The mass of the W boson, a subatomic particle, appears to be wrong. What could this mean for the Standard Model of particle physics?

3 mins read
BBC Science Focus
May 2022

YOU CAN'T BEAT BEETROOT

How this humble, purple vegetable can improve the health of your heart

2 mins read
BBC Science Focus
May 2022

Sleepiness in Alzheimer's patients is caused by damage to neurons that help them stay awake

The finding treatments could lead to new for those with the disease to help them stay alert

1 min read
BBC Science Focus
May 2022

THE DAY THE DINOSAURS DIED

New BBC documentary, Dinosaurs: The Final Day, presented by Sir David Attenborough, digs into a fossil site that may have recorded the moment an asteroid wiped out almost all life on Earth. Holly Spanner met with Robert DePalma, one of the palaeontologists at the site, to find out more about the significance of this discovery...

8 mins read
BBC Science Focus
May 2022

A WHOLE NEW WHORL

MANY OF US HAVE SEEN SEASHELLS ON THE BEACH AND MARVELLED AT THEIR COLOURS, AND PATTERNS OF CURVES AND RIDGES. BUT SEASHELLS ARE FAR MORE THAN JUST PRETTY OBJECTS, AND THEIR INTRICATE STRUCTURES CAN HELP US LEARN MORE ABOUT THE INHABITANTS THAT ONCE DWELLED INSIDE THEM

6 mins read
BBC Science Focus
May 2022

DOES YOUR DOG REALLY LOVE YOU?

Sure, they wag their tails to greet us and are happy to snuggle up and watch TV in the evening, but are our beloved pooches actually experiencing the same love for us as we feel for them?

9 mins read
BBC Science Focus
May 2022

COVID-19 can have long-term impacts on the brain

According to a study on nonhuman primates, effects of SARS-CoV-2 infection on the brain include reduced oxygen flow, neuron damage and bleeding

1 min read
BBC Science Focus
May 2022

Experts call for NHS to provide genetic tests to usher in era of personalised medicine

We must move away from the current "one drug and one dose fits all" model to make treatments safer and more effective

1 min read
BBC Science Focus
May 2022

Huge DNA study reveals new clues about cancer-causing mutations

The findings could lead to better diagnosis and treatments for cancer

1 min read
BBC Science Focus
May 2022
RELATED STORIES

A Profit and Loss Statement for Your Life

One approach to dealing with stress and burnout: Think of your emotional and other resources like a portfolio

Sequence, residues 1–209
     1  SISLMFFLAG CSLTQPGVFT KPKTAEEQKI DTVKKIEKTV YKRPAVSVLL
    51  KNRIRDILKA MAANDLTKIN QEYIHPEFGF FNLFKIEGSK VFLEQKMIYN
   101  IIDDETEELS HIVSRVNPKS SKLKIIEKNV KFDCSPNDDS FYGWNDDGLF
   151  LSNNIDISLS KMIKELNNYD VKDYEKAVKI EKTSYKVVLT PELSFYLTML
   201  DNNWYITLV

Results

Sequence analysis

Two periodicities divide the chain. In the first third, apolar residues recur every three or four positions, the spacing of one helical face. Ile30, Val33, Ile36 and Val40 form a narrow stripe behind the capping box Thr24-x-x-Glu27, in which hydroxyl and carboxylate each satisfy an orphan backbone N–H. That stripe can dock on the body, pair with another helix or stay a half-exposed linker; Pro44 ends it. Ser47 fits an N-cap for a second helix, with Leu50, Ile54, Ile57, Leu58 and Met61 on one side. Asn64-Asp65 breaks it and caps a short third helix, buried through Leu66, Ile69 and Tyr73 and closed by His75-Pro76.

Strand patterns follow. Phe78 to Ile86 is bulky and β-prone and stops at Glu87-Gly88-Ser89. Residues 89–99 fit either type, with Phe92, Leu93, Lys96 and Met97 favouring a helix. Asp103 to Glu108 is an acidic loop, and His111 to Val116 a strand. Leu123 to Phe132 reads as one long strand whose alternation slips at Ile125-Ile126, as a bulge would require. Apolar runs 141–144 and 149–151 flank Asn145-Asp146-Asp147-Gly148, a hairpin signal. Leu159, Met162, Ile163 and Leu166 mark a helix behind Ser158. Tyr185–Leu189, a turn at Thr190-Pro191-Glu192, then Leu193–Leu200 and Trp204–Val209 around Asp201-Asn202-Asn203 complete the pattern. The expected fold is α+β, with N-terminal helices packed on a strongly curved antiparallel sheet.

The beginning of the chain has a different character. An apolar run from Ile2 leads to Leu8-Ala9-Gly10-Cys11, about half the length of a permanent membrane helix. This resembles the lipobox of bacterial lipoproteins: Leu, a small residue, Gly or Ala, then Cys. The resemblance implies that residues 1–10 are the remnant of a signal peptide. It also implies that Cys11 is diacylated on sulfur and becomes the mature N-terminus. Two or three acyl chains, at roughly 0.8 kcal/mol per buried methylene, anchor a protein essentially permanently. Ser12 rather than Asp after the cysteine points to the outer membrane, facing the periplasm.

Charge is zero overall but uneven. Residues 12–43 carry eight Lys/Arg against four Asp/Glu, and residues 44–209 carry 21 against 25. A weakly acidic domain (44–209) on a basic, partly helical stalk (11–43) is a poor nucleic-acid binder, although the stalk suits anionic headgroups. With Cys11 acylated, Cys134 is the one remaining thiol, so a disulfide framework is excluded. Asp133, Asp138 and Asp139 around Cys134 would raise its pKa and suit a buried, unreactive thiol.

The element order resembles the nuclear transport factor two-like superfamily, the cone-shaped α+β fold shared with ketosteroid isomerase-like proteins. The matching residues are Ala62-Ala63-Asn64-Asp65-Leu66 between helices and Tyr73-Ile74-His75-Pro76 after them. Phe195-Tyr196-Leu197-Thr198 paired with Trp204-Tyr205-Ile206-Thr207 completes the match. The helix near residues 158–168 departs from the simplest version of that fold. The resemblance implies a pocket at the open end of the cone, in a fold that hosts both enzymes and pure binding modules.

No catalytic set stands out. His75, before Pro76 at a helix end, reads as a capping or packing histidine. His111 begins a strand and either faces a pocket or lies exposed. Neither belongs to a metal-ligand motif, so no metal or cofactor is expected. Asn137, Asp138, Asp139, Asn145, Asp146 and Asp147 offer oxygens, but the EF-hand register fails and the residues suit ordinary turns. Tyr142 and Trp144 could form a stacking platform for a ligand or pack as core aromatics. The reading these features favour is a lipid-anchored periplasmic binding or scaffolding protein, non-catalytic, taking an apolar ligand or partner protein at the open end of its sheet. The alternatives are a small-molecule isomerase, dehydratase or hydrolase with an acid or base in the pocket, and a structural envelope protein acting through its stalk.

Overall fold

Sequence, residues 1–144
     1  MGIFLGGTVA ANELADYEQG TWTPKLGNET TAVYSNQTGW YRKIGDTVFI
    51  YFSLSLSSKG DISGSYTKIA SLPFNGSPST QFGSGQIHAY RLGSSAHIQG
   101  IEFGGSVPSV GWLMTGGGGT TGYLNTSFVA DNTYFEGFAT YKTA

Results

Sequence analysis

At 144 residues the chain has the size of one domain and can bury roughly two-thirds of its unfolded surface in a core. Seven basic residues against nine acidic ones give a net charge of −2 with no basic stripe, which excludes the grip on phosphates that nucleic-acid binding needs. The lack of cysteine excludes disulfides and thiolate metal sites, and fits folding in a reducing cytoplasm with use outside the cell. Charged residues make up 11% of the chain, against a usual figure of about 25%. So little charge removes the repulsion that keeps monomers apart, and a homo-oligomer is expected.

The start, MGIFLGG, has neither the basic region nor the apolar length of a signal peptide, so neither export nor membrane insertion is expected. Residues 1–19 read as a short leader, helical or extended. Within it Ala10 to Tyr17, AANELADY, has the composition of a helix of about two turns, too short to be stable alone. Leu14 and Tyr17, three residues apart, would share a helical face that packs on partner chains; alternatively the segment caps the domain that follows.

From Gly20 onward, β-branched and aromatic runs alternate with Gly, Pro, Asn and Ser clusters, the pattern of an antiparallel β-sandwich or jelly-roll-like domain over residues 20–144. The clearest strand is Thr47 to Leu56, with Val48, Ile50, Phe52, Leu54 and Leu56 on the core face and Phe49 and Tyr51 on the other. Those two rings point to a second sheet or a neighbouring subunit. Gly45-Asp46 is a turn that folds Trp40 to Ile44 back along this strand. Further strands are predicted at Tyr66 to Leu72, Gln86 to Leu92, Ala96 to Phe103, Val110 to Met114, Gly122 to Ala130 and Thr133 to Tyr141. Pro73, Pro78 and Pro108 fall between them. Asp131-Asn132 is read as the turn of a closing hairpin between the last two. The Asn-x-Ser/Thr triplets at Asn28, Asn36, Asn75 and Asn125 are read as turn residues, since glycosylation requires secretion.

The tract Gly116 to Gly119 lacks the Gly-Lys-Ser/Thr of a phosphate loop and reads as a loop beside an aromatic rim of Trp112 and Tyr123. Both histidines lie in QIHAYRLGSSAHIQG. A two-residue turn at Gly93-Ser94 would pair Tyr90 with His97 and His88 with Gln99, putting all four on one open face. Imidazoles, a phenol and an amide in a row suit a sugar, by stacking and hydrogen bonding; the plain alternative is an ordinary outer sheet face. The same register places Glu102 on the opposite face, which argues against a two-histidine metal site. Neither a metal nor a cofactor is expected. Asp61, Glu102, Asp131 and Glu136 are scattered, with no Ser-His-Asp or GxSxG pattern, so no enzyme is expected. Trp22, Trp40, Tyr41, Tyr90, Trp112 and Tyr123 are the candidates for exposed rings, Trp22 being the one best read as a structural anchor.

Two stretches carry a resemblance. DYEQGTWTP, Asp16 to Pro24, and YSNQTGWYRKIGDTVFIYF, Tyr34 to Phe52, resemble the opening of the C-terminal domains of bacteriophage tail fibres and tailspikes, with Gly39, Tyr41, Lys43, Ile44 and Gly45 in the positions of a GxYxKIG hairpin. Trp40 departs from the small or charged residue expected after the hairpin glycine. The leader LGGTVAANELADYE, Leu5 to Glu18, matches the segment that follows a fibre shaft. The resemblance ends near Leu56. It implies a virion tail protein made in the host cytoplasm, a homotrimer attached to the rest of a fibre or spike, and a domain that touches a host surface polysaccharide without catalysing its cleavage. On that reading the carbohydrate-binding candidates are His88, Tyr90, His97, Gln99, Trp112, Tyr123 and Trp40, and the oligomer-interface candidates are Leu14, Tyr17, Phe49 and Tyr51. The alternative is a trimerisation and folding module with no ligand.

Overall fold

8 mins read
Newsweek
November 05, 2021

Science of Us: Katie Heaney

The Clock-Out Cure – For those who can afford it, quitting has become the ultimate form of self-care.

6 mins read
New York magazine
May 10 - 23, 2021

THE BRINK OF MENTAL EXHAUSTION: IMPORTANCE OF REFUELING MIND, BODY AND SOUL

If I told you that you needed to drive your car nonstop cross the United States, no fuel stops, what would you say? Impossible – why… because our cars were not built to go that far without stopping for fuel.

5 mins read
Natural Solutions
October 2020

Heroes Get the Blues, Too

THE BRAVE HEALTHCARE PROFESSIONALS, first responders, law enforcement, military, funeral directors and those delivering necessities to hospitals and communities affected by COVID-19 are our new heroes. They’re risking or losing their lives to provide care for us. Some sleep in their cars in hospital parking lots. Running on cortisol, adrenaline and caffeine, they plead, “We stay here, so you stay home!” Many wish stay-at-home orders would have happened sooner.

2 mins read
Central Florida Health News
May 2020

WE'RE CALLING TIME OUT

AMERICANS ARE OVERWORKED, OVERSCHEDULED, AND JUST PLAIN EXHAUSTED. THE SOLUTION? FORGET ABOUT RADICAL DIETS ABND INTENSE NEW FITNESS PLANS-WHAT WE ALL REALLY NEED IS TO SLOOOW DOWN. PRESENTING 17 RELAXING STRATEGIES FOR BEATING BACK STRESS AND RECLAIMING YOUR MOJO IN 2020.

10+ mins read
Outside Magazine
January - February 2020

Body Mind Spirit

The Gift of Self-Care for the Holidays and Always

2 mins read
Central Florida Health News
December 2019

The New Energy Crisis

You may have heard people blame their crushing exhaustion, brain fog, and moodiness on burnout or adrenal fatigue. But experts say those usually aren’t accurate diagnoses. Here, a new term for what ails us, along with new thinking on exactly how chronic stress is affecting our health—and why yoga can help.

10+ mins read
Yoga Journal
September 2018

The Big Burnout

Long hours, low pay and a lack of appreciation — among other things — can make for a stressful workplace and lead to burnout. It’s something we should all be concerned about, because over half of the workforce reports feeling it

10 mins read
BBC Earth
Volume 14 - Issue 2

Burnout y su impacto en la salud en la era postcovid

La crisis causada por la pandemia ha aumentado los casos de burnout, por lo que es importante conocer sus efectos y cómo hacerle frente

3 mins read
Forbes México
Diciembre 2021 / Enero 2022

How To Cope With Dating Burnout

Remember, dating is meant to be fun.

4 mins read
Cosmopolitan India
October 2021